• rss
  • facebook
  • twitter
  • linkedin

Winning Abstracts from the 2012 Medical Student Abstract Competition: Fever in a Returned Traveler

Author: ENS Nicholas R. Rocco - Uniformed Services University, Class of 2013

Introduction: Q fever is a zoonotic disease endemic to the Middle East, including Iraq and Afghanistan, with an increasing incidence of infection among deployed US military personnel and civilian contractors. The lack of standardized assays for detection makes Q fever a diagnostic challenge.

Case Presentation: A 53-year-old male contractor with a history of recent travel to the Philippines presented to the Bagram Air Force Base, Afghanistan with nausea, emesis, frontal headache, and myalgias. He had recently been re-deployed to Afghanistan after working for eight years in Iraq. Upon arrival he was stable and afebrile, with a heart rate of 115 beats per minute, oxygen saturation of 93% on room air. A chest radiograph showed hilar fullness without infiltrates and he was released with symptomatic treatment for a presumed diagnosis of a viral syndrome. Several days later, he returned complaining of worsening symptoms. Physical exam revealed a temperature of 105.9 degrees, heart rate of 142 beats per minute, oxygen saturation 81% on room air. He was found to be delirious, with tender hepatomegaly and purpura. Serological studies revealed a white blood cell count of 20.2k/ÁL with 93% segmented neutrophils, hematocrit of 21.4%, platelet count of 93k/ ÁL, sodium of 128 mmol/L, bilirubin of 20 mg/dL. Urinalysis revealed 100 mg/dL of protein. The patient was subsequently airlifted to Landstuhl Regional Medical Center (LRMC) where his course was complicated by a loculated pleural effusion necessitating Video-Assisted Thoracic Surgery (VATS). Further testing at Walter Reed Army Medical Center (WRAMC) was negative for malaria, leptospirosis, hepatitis, rickettsial-borne diseases, dengue, HIV, Legionella, tuberculosis, syphilis and schistosomiasis. Serology forCoxiella burnetii was notable for a phase 2 IgM positive at 1:64 dilution, suggesting a diagnosis of acute Q fever. A trans-esophageal echocardiogram (TEE) showed no valvular damage or vegetations. He was prescribed a 21-day course of oral doxycycline, and showed gradual clinical improvement and resolution of his laboratory abnormalities.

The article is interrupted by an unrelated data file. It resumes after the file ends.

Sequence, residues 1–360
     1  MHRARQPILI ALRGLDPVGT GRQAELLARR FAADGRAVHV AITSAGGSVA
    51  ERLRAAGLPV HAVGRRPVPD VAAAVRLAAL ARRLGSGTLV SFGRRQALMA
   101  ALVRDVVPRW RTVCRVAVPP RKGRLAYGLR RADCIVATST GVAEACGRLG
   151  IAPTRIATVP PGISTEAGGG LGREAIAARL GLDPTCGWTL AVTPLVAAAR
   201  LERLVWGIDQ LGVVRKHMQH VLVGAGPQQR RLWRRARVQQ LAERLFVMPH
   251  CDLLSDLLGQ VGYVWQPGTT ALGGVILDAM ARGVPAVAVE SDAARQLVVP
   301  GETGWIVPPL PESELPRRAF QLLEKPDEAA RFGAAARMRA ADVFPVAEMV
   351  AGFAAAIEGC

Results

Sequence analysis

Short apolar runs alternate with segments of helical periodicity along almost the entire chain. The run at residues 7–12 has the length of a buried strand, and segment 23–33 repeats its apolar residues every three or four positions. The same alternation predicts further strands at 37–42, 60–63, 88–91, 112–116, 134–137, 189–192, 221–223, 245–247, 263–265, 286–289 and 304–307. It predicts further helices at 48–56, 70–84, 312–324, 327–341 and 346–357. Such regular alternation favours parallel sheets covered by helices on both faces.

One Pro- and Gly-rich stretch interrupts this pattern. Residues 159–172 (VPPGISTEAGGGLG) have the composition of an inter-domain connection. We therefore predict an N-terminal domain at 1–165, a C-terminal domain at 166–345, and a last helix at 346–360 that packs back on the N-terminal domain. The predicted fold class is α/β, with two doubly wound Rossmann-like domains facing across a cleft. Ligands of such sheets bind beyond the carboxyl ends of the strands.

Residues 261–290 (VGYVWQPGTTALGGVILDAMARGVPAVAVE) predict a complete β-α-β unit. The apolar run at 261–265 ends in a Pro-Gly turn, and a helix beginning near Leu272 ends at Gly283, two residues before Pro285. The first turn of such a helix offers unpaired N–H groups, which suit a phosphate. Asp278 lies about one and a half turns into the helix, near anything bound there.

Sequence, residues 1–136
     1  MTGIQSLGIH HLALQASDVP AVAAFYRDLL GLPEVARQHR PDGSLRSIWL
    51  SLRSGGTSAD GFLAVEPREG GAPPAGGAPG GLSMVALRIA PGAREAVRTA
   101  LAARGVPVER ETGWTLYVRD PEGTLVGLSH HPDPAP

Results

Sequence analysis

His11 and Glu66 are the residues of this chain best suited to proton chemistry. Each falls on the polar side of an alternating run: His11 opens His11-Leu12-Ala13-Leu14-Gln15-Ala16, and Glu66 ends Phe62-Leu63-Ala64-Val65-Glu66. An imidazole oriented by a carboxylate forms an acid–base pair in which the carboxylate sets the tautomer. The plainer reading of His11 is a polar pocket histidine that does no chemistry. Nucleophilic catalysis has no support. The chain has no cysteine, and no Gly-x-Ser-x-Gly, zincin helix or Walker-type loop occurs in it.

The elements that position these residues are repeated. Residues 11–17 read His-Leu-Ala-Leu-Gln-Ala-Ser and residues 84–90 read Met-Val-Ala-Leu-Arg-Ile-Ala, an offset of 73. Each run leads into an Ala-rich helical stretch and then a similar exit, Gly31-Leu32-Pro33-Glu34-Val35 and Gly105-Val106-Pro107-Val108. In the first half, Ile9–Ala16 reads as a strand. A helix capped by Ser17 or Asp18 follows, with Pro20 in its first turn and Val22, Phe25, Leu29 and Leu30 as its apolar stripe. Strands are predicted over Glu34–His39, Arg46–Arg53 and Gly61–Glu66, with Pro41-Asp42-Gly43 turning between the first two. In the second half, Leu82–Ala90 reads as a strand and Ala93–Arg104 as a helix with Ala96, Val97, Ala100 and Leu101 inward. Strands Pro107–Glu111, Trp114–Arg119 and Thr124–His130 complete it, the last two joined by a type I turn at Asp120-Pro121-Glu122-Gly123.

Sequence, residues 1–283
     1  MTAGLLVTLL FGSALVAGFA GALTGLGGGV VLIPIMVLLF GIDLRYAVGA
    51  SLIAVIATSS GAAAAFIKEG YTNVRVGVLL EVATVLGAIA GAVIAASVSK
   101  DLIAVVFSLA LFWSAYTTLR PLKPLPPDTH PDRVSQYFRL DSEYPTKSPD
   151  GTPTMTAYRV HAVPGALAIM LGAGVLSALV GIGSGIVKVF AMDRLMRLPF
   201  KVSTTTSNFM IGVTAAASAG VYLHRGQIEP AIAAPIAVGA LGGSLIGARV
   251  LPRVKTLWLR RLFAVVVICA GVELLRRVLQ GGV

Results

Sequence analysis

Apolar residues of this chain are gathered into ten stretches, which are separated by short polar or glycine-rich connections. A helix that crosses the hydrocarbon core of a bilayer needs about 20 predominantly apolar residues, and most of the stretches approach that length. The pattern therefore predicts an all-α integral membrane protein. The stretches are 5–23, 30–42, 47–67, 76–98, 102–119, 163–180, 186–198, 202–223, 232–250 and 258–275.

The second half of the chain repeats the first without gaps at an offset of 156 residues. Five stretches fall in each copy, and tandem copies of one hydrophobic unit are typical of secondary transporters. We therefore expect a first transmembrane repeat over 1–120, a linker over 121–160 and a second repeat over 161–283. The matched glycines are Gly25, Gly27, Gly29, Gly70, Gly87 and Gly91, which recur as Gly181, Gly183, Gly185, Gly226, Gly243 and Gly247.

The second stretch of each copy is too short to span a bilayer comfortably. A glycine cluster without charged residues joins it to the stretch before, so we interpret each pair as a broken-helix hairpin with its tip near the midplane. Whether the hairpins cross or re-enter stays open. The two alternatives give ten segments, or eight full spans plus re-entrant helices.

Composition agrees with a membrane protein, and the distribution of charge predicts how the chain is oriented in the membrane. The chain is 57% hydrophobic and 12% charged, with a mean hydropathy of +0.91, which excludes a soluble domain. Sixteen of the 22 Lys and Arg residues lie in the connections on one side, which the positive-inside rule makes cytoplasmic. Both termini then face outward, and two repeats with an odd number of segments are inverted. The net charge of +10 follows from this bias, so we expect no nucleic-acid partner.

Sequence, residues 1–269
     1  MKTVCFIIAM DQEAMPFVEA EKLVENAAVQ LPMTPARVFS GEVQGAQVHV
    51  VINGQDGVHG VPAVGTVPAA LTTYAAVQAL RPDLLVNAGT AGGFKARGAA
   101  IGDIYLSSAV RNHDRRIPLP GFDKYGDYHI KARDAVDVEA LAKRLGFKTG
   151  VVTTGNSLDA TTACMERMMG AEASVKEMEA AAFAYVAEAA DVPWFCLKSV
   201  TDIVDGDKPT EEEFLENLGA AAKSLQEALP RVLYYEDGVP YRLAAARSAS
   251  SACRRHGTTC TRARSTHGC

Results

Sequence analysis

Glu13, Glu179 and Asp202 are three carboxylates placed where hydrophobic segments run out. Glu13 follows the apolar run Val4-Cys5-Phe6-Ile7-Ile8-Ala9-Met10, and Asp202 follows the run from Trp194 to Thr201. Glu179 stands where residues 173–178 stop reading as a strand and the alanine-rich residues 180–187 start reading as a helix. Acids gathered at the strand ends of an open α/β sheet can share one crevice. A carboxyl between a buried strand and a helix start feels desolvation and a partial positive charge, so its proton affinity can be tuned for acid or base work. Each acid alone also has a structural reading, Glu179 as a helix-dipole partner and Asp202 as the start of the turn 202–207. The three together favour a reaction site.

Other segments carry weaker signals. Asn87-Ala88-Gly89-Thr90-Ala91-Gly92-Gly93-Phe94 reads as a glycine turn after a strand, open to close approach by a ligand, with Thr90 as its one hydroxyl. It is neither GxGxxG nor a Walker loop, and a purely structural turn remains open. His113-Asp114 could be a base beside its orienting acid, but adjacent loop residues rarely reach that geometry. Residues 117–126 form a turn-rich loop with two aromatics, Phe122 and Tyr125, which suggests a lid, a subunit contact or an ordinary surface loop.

Discussion: This case illustrates the importance of maintaining a high clinical suspicion for Q fever in patients returning from endemic areas with febrile symptoms. Though the classic presentation includes pneumonia and hepatitis, it may have protean manifestations. If left untreated, it can progress to chronic infection and valvular heart disease. Rapid diagnosis and treatment are therefore necessary to avoid these potentially life-threatening sequelae.

Back to September 2012 Issue of IMpact

More Articles Like This

Students: Join ACP for Free

Benefits of Membership for Students: ACP's free Medical Student Membership includes benefits designed especially to meet students' needs.

Join Now: Sign-up today and begin enjoying the benefits of ACP Medical Student Membership.

Find a Residency

Search ACP's Internal Medicine Residency Database for information on all internal medicine residency programs in the U.S. and Canada. (ACP Members only)

More search options

Prescribe Opioids Safely

Prescribe Opioids Safely

Access this FREE online educational program to help you safely prescribe opioids and manage patients with chronic pain. Online CME is available. Find out more.

Inspire the Next Generation of Medicine

Inspire the Next Generation of Medicine

Contribute to the ACP Education Fund and support our profession and the young minds starting their careers.

Share your love of medicine by making a charitable donation today! All donations are tax-deductible.